Home Markets Credit card delinquencies rose in 2023, indicating ‘financial stress,’ says New York Fed

Credit card delinquencies rose in 2023, indicating ‘financial stress,’ says New York Fed

by SuperiorInvest

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Credit card delinquencies rose more than 50% in 2023 as total consumer debt rose to $17.5 trillion, the New York Federal Reserve reported Tuesday.

Debt that has become “severely delinquent,” or delinquent for 90 days or more, increased in multiple categories over the year, but none more so than credit cards.

With a total of $1.13 trillion in debt, credit card debt that went into serious delinquency rose to 6.4% in the fourth quarter, an increase of 59% from just over 4% at the end of 2022 , reported the New York Federal Reserve. The quarterly increase at an annualized rate was about 8.5%, researchers at the New York Federal Reserve said.

Delinquencies also increased in mortgages, auto loans and the “other” category. Student loan delinquencies decreased as did home equity lines of credit. Overall, 1.42% of debt was 90 days or more past due, up from just over 1% at the end of 2022.

“Credit card and auto loan transitions into delinquency continue to rise above pre-pandemic levels,” said Wilbert van der Klaauw, economic research adviser at the New York Federal Reserve. “This indicates increased financial stress, especially among younger and lower-income households.”

While delinquency levels are rising, researchers at the New York Federal Reserve said total debt is rising roughly in line with the pace before the Covid-19 pandemic began in March 2020.

Household debt increased by $212 billion in the quarter, an increase of 1.2% quarter-on-quarter and about 3.6% from a year earlier. Credit card debt, however, increased 14.5% compared to the same period in 2022. Auto debt rose to $1.61 trillion, an increase of $12 billion quarterly and $55 billion annually, or 3.5%.

Borrowers have been hit by higher interest rates. In a tightening cycle that stretched from March 2022 to July 2023, the Federal Reserve increased its short-term borrowing rate by 5.25 percentage points, taking the federal funds rate to its highest level in about 23 years. The reference rate is incorporated into most adjustable rate consumer debt products.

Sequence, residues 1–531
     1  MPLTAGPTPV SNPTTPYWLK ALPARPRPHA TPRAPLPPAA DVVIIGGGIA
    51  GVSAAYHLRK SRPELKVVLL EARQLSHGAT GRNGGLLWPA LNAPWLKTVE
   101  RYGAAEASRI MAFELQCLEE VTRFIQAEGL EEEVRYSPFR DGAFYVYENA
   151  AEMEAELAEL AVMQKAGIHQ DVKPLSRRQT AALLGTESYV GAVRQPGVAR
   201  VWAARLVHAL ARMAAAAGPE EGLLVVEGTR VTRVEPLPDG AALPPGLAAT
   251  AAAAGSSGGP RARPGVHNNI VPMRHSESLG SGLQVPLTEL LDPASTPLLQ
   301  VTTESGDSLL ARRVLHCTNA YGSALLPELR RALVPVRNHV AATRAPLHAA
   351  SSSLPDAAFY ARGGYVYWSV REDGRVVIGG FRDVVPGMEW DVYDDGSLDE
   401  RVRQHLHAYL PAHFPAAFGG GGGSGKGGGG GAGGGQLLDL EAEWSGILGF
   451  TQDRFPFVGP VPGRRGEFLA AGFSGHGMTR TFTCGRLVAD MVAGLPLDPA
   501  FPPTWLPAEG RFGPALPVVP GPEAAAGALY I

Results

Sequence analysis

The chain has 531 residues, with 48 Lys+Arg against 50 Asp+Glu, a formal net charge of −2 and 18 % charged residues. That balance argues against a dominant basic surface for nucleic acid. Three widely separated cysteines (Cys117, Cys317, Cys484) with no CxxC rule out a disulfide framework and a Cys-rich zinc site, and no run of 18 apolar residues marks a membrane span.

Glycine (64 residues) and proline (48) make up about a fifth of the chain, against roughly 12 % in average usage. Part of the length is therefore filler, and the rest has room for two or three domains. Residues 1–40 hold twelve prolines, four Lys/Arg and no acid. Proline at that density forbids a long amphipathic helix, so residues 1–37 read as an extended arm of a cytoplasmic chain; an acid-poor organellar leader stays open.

Since the central bank began tightening, the typical credit card rate has jumped from about 14.5% to 21.5%, according to Federal Reserve data. Credit card debt as a percentage of income is still below pre-pandemic levels.

While the rise in delinquencies is occurring from low levels, the trend “needs to be watched because it occurs while the economy is still growing,” said Joseph LaVorgna, chief economist at SMBC Nikko Securities.

“What happens if the economy slows and unemployment rises rapidly? Delinquencies could increase, which in turn would lead to a self-reinforcing credit crisis,” LaVorgna said in a note. “In other words, a mild recession could turn into a deep one.”

Fed researchers said rising rates likely influenced default rates. For cars, for example, they said payments have changed little even as prices have fallen, due to the high fee structure.

Student loan debt, an area of ​​focus for Washington lawmakers, has increased little during the pandemic period and currently stands at just over $1.6 trillion. That was a small change from the third quarter and was only up 0.4% from a year ago. President Joe Biden has forgiven about $136.6 billion in student loan debt since he took office. The proportion of seriously delinquent debt fell to 0.8%.

Mortgage debt increased by 2.8% in 2023, while the delinquency rate increased to 0.82%, a quarter of a percentage point higher than the previous year.

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